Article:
ACT MP Simon Court committed 'clear breach' of confidentiality, powerful committee finds

"We find the member's actions in this matter to be concerning, and cavalier."
"We find the member's actions in this matter to be concerning, and cavalier." Photo credit: Newshub.

By Russell Palmer of RNZ

ACT MP Simon Court committed a "clear breach" of select committee confidentiality, Parliament's powerful Privileges Committee has found.

However, Court apologised to the committee in a letter and it has not recommended further action against him.

The Privileges Committee is a group of high-profile MPs from all parties which considers and reports on questions of privilege relating to Parliament and MPs, such as breaches of Parliament rules. Privileges are powers and immunities which ensure Parliament is independent of the Crown and the courts.

Court was referred to the committee in June after he revealed in a media release the result of a vote by the Environment Committee.

The vote related to Court's suggestion to include a definition of "matauranga Māori" in the Natural and Built Environment Bill, one of the replacements for the Resource Management Act.

The committee found it was a "clear breach" of confidentiality.

"We find the member's actions in this matter to be concerning, and cavalier," the committee's report said.

Court had argued the information could be shared because it no longer related to business still before the Environment Committee, which had been unable to resolve the matter itself.

In his letter to the committee on 27 June, Court accepted the Speaker's interpretation and apologised for the disclosure, admitting he had relied on an incorrect reliance on Standing Order 243(3)(a).

The rule says closed select committee proceedings may be disclosed if they do not relate to business or decisions that are still before the committee.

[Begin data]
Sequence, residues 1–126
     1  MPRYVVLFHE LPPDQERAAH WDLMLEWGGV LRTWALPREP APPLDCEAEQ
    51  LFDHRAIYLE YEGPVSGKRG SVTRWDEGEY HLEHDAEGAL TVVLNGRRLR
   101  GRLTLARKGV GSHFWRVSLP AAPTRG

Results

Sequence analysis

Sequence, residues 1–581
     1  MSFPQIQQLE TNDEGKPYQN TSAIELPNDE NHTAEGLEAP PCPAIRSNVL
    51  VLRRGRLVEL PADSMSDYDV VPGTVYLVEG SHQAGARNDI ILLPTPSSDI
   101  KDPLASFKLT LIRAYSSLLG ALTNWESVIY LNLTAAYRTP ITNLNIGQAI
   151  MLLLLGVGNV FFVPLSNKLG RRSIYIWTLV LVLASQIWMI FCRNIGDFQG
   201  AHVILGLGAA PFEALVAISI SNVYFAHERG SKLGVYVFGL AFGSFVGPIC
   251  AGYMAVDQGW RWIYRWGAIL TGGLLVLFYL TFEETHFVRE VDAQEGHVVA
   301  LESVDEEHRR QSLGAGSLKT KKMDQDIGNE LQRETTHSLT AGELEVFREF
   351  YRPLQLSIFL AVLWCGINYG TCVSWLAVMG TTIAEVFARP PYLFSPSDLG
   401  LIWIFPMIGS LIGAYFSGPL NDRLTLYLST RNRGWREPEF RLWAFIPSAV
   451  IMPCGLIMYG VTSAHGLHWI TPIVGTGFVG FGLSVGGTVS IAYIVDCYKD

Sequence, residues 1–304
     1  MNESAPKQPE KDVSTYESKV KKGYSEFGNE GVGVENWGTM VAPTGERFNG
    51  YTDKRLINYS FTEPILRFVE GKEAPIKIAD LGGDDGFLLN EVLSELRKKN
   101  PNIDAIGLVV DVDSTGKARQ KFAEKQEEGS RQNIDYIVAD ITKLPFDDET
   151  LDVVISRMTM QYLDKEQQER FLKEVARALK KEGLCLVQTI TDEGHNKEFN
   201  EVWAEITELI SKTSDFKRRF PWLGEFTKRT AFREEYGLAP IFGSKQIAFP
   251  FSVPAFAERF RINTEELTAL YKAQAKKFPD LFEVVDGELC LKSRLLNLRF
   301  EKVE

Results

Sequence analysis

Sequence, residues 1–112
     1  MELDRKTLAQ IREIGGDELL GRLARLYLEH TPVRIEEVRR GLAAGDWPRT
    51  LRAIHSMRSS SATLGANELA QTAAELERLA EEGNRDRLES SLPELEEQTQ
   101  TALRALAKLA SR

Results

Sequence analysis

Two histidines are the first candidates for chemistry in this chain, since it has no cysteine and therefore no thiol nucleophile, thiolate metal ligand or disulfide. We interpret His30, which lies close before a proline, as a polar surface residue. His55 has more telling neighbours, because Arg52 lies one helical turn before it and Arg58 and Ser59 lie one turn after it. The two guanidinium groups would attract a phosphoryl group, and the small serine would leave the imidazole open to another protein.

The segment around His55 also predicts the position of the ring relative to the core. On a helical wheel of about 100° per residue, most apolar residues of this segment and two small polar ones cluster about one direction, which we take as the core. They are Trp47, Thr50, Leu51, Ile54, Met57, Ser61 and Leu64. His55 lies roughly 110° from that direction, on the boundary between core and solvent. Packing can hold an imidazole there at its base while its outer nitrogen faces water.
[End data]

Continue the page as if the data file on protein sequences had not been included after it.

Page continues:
Court also suggested the breach could have been avoided if the rule included an additional requirement for MPs to seek clarification about disclosures, but the committee rejected this.

"The member should not have relied on any interpretation of Standing Order 243(3) because the vote was self-evidently a proceeding on a bill that had not yet been reported to the House," the report said.

"The Standing Orders are sufficiently clear and do not require any amendment to require or remind members to consult with the committee or committee staff.

"Members are expected to inform themselves of all of their responsibilities under the Standing Orders and to seek advice on the application of parliamentary rules where necessary. We note that the member did not do so in this case, and has admitted that it would have been appropriate..."

The Privileges Committee said they did not think the matter warranted further debate in Parliament, but said it had served as a "timely opportunity to reinforce for members the expectations that apply to confidential proceedings and the reasons why they exist".

The committee referred to the rules laid out in the 2003 report by the Standing Orders Committee, which said draft reports and closed sessions of select committees must remain strictly confidential.

This was in part because premature or selective release of committee proceedings could increase the risk of lobbying outside normal processes, or give advantage to particular groups or persons.

Court was the second MP to be referred to the committee in a month after an investigation into Education Minister Jan Tinetti's delay in correcting statements to the House.

Tinetti was forced to apologise after she was found to have misled Parliament due to a "high degree of negligence".

However, she was not guilty of contempt because, the committee found, the error was most likely unintentional.